Watch what happens when Obama picks a top donor as ambassador

Olivier Knox, Yahoo News
Yahoo News

Yahoo

John McCain questions George Tsunis in a Senate nomination hearing.

John McCain questions George Tsunis in a Senate nomination hearing.

This is why a future president might finally do away with the practice of nominating a top political donor to be an ambassador.

Here’s how the White House described wealthy executive George Tsunis when President Barack Obama nominated him to be the top U.S. diplomat in Norway in September 2013:

“George J. Tsunis is the Founder, Chairman and Chief Executive Officer of Chartwell Hotels, LLC. From 1999 to 2009, Mr. Tsunis was of counsel at Rivkin Radler, LLP and served as partner since 2005. Mr. Tsunis was Special Counsel to the Town of Huntington Committee on Open Space Preservation as well as Counsel to the Dix Hills Water District from 2003 to 2009. From 1998 to 1999, he practiced law at Goldberg & Cohen in Brooklyn, NY. From 1996 to 1998, he was a Legislative Attorney at the New York City Council. Mr. Tsunis received a B.A. from New York University and a J.D. from St. John's University School of Law.”

Missing: diplomatic credentials, obvious ties to Norway.

But a trip to the website of the Center for Responsive Politics that tracks campaign donations might help to explain how Tsunis — and not, say, a career diplomat — got the nod.

In the 2012 cycle, Tsunis and his wife, Olga, are listed among the “top individual contributors” on the strength of having given $267,244, roughly 89% of which went to Democrats and 10% to Republicans. In all, he raised $988,550 for Obama and gave $300,000 to Democratic super PACs and $75,800 to the Obama Victory Fund.

Tsunis became a Democrat in November 2009 — after giving $50,000 to Republican Sen. John McCain’s 2008 campaign.

So it’s perhaps fitting that it was the tart-tongued Arizona senator’s questions that elicited his sloppy confirmation hearing performance last week (it starts at about 1:14 here).

To recap: Tsunis described Norway as having a president (“apparently under the impression that the country is a republic rather than a constitutional monarchy,” as the Local Norway's News notes dryly). And he characterized the anti-immigration Progress Party as being among “fringe elements” who “spew their hatred” and have been denounced by the government.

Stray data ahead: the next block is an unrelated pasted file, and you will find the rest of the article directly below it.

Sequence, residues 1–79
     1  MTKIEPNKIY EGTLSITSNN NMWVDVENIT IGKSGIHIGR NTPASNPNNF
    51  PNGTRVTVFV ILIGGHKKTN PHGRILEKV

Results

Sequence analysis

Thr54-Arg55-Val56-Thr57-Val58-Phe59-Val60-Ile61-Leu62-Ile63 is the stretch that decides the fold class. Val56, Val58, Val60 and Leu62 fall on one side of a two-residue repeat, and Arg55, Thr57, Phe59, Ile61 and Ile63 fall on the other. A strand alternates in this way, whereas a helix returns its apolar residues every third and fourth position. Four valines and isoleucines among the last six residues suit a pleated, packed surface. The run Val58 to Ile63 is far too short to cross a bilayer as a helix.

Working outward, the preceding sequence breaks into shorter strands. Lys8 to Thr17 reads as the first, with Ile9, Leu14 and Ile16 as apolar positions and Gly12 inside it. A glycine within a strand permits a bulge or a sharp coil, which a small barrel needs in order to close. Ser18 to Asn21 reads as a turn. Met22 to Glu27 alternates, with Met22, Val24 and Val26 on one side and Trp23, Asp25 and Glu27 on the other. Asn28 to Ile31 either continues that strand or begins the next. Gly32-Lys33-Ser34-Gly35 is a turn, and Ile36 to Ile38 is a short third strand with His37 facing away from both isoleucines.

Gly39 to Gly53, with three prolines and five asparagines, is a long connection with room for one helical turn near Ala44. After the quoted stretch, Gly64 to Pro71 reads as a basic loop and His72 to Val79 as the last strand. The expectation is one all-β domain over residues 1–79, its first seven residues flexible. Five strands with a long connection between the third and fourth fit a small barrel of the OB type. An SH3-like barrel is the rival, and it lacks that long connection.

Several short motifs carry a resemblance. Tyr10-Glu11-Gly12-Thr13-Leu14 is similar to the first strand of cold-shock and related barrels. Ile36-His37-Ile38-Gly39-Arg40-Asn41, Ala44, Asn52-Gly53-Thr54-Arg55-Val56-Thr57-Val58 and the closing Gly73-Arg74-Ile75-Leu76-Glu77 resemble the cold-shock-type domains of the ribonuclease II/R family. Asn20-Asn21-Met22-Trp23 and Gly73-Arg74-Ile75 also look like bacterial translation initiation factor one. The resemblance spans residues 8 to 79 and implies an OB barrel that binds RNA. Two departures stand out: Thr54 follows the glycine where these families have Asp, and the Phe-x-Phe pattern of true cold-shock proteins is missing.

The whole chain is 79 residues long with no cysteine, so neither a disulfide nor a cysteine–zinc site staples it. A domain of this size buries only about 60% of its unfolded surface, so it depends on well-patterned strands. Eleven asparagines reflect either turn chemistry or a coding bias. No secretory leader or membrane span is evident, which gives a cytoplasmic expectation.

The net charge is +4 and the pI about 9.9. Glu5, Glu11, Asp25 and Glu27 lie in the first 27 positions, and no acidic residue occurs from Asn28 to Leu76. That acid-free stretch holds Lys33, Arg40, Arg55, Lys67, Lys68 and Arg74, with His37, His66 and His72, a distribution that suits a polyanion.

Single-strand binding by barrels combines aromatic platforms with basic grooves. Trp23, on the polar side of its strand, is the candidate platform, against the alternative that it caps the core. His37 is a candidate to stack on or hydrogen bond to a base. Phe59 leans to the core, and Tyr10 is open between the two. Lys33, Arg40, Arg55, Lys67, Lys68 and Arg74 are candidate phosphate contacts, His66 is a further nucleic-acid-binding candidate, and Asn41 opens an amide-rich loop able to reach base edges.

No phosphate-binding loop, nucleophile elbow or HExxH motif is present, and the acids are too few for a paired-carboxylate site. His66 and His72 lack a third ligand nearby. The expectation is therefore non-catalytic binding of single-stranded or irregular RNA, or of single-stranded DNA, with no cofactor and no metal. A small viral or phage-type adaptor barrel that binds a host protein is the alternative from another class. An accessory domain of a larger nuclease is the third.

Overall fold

That prompted McCain’s disbelieving answer: “The government has denounced them? The coalition government — they're part of the coalition of the government.”

McCain, already flummoxed by the apparent inability of Obama’s choice to be ambassador to Hungary to list strategic U.S. interests there, closed his questioning with a bit of sarcasm: “I have no more questions for this incredibly highly qualified group of nominees.”

Obama did not start the practice of picking big donors to be ambassadors. And he (probably) won't be the last president to do so. But at a time when Americans mistrust their government and are cynical about their politicians, choices like these don't help.

It’s not irrelevant overseas, either: TheLocal.no targets English speakers living in Norway. And Norwegian media described Tsunis as having “trampled through the salad bowl.”

Oh: A search for “Tsunis” on the White House website does turn up evidence of a previous foray into the sensitive world of international relations: He and his wife were guests at the State Dinner the Obamas threw in 2012 to honor British Prime Minister David Cameron.

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